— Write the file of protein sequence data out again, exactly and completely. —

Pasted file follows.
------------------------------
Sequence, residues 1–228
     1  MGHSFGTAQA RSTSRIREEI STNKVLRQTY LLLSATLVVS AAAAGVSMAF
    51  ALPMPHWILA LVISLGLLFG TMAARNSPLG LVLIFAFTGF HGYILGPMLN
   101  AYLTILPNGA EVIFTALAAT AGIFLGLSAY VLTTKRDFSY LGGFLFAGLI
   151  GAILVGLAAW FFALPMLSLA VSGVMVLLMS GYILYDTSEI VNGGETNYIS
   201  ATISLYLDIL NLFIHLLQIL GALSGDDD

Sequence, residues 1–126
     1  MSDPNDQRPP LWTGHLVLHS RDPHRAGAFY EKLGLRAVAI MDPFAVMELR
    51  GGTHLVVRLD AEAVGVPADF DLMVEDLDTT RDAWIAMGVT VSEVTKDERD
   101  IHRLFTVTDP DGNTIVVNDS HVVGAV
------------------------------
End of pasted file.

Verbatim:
Sequence, residues 1–228
     1  MGHSFGTAQA RSTSRIREEI STNKVLRQTY LLLSATLVVS AAAAGVSMAF
    51  ALPMPHWILA LVISLGLLFG TMAARNSPLG LVLIFAFTGF HGYILGPMLN
   101  AYLTILPNGA EVIFTALAAT AGIFLGLSAY VLTTKRDFSY LGGFLFAGLI
   151  GAILVGLAAW FFALPMLSLA VSGVMVLLMS GYILYDTSEI VNGGETNYIS
   201  ATISLYLDIL NLFIHLLQIL GALSGDDD

Sequence, residues 1–126
     1  MSDPNDQRPP LWTGHLVLHS RDPHRAGAFY EKLGLRAVAI MDPFAVMELR
    51  GGTHLVVRLD AEAVGVPADF DLMVEDLDTT RDAWIAMGVT VSEVTKDERD
   101  IHRLFTVTDP DGNTIVVNDS HVVGAV